There were none of the usual Laverdas out in the 500 BEARS race, just an obscenely fast BSA B50 which thinks it is a full-race Manx Norton, not a humble modified road bike. Ahead of me on the grid were some very rapid 750 – 1100cc bikes in the big BEARS class, with a couple of Rob North triples just behind. Mallory Park is a circuit that favours out and out power, but I hoped that I might at least keep up round the first bend. No chance, the Rob Norths came past as if I was standing still and most of them disappeared into the distance. I found myself chasing an 850 Guzzi, and a 750 Triumph which I have diced with in the past – the Daytona had been unable to keep up at Mallory but the extra speed of the Morini put me in with a chance. I got past both of them about halfway through the 8 lap race, and kept them behind until I made a complete pig’s ear of the Bus Stop chicane, and while I caught up in the one remaining lap I needed another to get past again. So, looking forward to the second BEARS race.

In the event, time ran out and the second Saturday race was going to be the first Sunday race instead. We got there in good time, but everything was starting earlier than scheduled – a surprise with the very strict noise regulations at Mallory – and things got a bit tight. The previous day there had been long delays before both the practice session and the BEARS race, with the Morini getting very hot and bothered, so I did not rush when the first call for the race came over the tannoy. Responding to the second call generally gives ample time for warming the engine up, but this time the final call came almost immediately after. It being another cold morning, the Morini was a bit reluctant to start, but were still just about on schedule. It then stopped again, was started on the starter rollers again, finally I was off up toward the assembly area – and it cut out again. Rolling back down to the rollers it was hastily fired up again, warm enough now to blast up to the assembly area, but to no avail, just too late by a whisker. Ah well, still two more races due on each bike, so not too big a disappointment. The Cub was due out a few races later, just after the scooters, and I warmed it up a bit just before their race to be on the safe side.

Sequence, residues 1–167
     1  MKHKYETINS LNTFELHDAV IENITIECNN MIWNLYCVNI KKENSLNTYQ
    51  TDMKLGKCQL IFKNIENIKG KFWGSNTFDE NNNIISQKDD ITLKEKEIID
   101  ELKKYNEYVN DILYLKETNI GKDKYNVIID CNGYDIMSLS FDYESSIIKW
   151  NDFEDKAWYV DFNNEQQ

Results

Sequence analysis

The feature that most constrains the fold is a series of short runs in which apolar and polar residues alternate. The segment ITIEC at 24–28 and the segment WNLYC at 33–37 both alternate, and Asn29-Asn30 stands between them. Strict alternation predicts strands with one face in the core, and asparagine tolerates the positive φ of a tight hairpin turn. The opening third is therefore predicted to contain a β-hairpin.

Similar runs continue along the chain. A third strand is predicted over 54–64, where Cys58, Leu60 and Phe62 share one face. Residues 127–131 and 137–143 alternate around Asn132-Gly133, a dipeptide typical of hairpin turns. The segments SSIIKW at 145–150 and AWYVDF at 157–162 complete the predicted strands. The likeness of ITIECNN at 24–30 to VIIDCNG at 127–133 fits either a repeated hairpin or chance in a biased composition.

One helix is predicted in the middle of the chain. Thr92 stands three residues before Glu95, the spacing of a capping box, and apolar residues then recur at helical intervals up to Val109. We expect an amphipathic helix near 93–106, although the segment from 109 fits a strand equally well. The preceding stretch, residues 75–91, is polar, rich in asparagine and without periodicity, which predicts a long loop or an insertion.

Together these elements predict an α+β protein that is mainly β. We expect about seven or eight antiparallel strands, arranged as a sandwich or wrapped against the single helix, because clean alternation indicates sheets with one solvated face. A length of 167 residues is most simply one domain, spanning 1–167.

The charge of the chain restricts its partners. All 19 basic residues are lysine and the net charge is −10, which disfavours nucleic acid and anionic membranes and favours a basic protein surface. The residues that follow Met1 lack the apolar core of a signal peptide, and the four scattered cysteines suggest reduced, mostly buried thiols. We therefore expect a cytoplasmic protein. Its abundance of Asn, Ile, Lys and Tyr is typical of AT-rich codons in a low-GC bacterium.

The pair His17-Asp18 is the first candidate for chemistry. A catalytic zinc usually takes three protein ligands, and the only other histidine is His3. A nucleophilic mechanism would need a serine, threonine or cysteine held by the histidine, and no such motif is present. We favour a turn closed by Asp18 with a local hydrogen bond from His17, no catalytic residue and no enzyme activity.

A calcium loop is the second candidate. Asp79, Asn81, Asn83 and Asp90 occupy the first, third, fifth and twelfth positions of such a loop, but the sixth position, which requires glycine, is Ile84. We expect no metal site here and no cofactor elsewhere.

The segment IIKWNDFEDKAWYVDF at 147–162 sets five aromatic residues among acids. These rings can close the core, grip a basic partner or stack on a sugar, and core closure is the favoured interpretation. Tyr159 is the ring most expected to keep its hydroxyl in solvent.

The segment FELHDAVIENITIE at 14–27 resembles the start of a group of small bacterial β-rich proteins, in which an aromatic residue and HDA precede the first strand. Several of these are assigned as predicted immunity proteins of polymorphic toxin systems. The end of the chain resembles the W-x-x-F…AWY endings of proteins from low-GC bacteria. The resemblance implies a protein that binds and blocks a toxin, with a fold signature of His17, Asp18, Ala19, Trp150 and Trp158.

On the very first lap of the scooter race two riders had a high-speed collision, one got up and rushed over to switch the engines off, the other lay ominously still. Eventually it was announced that the worst had happened and the rest of the meeting was cancelled.

Next race is at Brands Hatch in May, last time there was similarly tragic, of course everyone really, really hopes that it goes better this time.